Even before Shannon "left", I looked for Angels. I never doubted that they were there, watching, guarding, laughing at our missteps, but I wanted the bright light and overwhelming comfort of their presence in my physical awareness. I believed that they would appear as wispy, etheric beings. I imagined a lot of white and the smell of cookies, you know like John Travolta in "Michael". I never imagined that they would appear dirty and cold and smell like wet dog and well worn wool.
Walking Bob and Coco were trying to get to Hanover before dark. The rain was freezing before it hit the ground. The December wind was biting. He looked like a downhill skier, braced against the wind, as he trudged up Jeff Davis Highway, heading south, one labored step after another.
A Jeep Wrangler is not necessarily the best vehicle for a want-to-be Samaritan but we managed to get his faded blue back pack and overstuffed Tote a La Garbage, the black plastic variety, into the back. Squeezing this ninety pound man wearing every article of clothing he owned and his forty pound dog into the passenger seat proved slightly more challenging.
“There’s a motel in Ashland. We’ve stayed there before and if you can take us even a few miles, we’ll be grateful. This is Co Co. She won’t bite.” His voice was soft and raspy.
So we headed south.
“I don’t ask for handouts but I sell Vitamins. “The World’s Greatest Vitamins”. There’s a web site, and they mail me a check. I had stomach cancer and these vitamins saved my life”.
Wasting no words, Bob fished around in his pocket and pulled out a faded Xeroxed copy of a newspaper article that chronicled the miles he and Co Co had travelled together. He sat quietly staring at the road ahead as Co Co slept contentedly across his lap, her big brown head on my right arm. She snored softly. You would think there might be some discomfort, crammed into the front seat of a Jeep with an exhausted stranger and his sleeping dog, some need to fill the silence with superficial small talk, but after a few miles we both seemed to relax and conversation came easily. Bob talked about his friends in North Carolina. He talked about his previous two trips across the United States on foot. He talked about the vitamins he sold to raise money to grant wishes. He talked about his wife and daughter, killed in a car accident on their way to meet him for dinner at the restaurant he had owned.
I asked him why he walked.
I asked him why a sweet seventy-two year old man felt compelled to walk alone, to sleep under a tarp, to eat when he could –what he could. I asked him if he was ever afraid. I asked him what would happen to Co Co if something happened to him. His eyes were so blue and so clear and he looked at me as if he hadn't heard a word I had said. He seemed so innocent and vulnerable.
“I hear the Angels when I walk.”
It was that simple.
I waited in the Jeep with Co Co while Bob checked into the Shady Grove Motel in Ashland. She had warm, brown, knowing eyes, that seemed grateful and perhaps a wee bit apologetic. I helped Bob get his belongings into his room. The once gold carpet was faded and frayed and I felt a little dizzy as the blue floral bedspread danced tragically with the paisley wallpaper. I ignored the various stains, because there was a refrigerator, a microwave and extra blankets, and Bob and Co Co seemed happy.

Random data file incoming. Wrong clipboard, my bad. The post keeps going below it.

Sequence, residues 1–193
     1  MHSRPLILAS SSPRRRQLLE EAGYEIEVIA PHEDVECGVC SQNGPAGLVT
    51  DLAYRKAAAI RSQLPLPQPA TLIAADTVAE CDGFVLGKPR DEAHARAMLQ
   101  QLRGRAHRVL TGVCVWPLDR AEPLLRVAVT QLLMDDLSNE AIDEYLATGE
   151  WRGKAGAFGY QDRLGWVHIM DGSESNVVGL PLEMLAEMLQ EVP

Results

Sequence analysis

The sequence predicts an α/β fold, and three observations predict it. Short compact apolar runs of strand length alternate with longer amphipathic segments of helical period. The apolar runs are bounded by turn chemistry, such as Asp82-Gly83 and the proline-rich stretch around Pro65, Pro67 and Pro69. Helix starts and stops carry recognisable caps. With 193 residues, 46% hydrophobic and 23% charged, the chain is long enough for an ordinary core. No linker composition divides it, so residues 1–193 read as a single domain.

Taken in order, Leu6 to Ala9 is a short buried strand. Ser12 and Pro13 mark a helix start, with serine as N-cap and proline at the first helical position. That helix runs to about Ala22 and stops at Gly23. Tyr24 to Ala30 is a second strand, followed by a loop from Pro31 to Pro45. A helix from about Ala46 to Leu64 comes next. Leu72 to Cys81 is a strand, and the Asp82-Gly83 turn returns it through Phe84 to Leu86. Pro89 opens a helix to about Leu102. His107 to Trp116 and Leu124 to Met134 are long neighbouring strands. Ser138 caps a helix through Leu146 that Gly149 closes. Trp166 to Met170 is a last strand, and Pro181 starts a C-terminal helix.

I left Bob with enough cash to stay for a few days. I wanted to fix his life, with a warm bath, clean sheets and a hot meal. I wanted to know that as the winter storm worsened he and Co Co would be safe. I tried to understand how he lived with such uncertainty, and even envied his fragile fearlessness.
The trip back to Fredericksburg felt lonely, I missed this tiny stranger and his brown dog. The Christmas lights sparkled in the icey rain. I thought about holidays with Shannon. I thought about the afternoon argument with Jules about the candles in the windows and how much he disliked them. An argument that now seemed insignificant and silly. I worried that I hadn’t done enough for Walking Bob and Co Co. I wondered why my heart wasn’t big enough to take this tiny dirty man and his big brown dog home with me. I wondered if he would have come, had I invited him. I cried a little. I laughed a little. I called my Mom to tell her that I had, "Yes again", picked someone up on the side of the road. I explained to her that he was just a tiny man with a big brown dog, certainly no threat. I explained that he had a daughter with Shannon, and that he talked to Angels. I can't really remember what she said, but I'm sure she advised me never to do it again.
By the time I got back to Fredericksburg the rain had turned to ice and I took comfort in the fact that Walking Bob and Coco were safe and warm ... at least for the night. I flipped the switch on the candles in the windows and wrapped myself in their soft glow. I know you will scoff and think that I am prone to fanciful imaginings but as I sat there in the wicker rocker listening to the ice hit the windows, the smell of cookies filled the room.
What if Angels walk instead of fly? What if they wear tattered wool and have big brown dogs and appear at those moments when life seems to have lost its wonder? I couldn't help but smile when I realized that there was one more thing that I had to do for Walking Bob and Co Co, even if he was an Angel.
Without even the slightest hesitation, I turned on the computer, searched and found the web site, and ordered two big bottles of “The World’s Greatest Vitamins". I'm a little embarrassed to admit that one of those bottles is still unopened in the cabinet over the microwave, but whenever I see them way in the back... peeking over the Pepto and Nyquil, I think of Walking Bob and Coco and Angels and cookies and the incredible power of possibilities.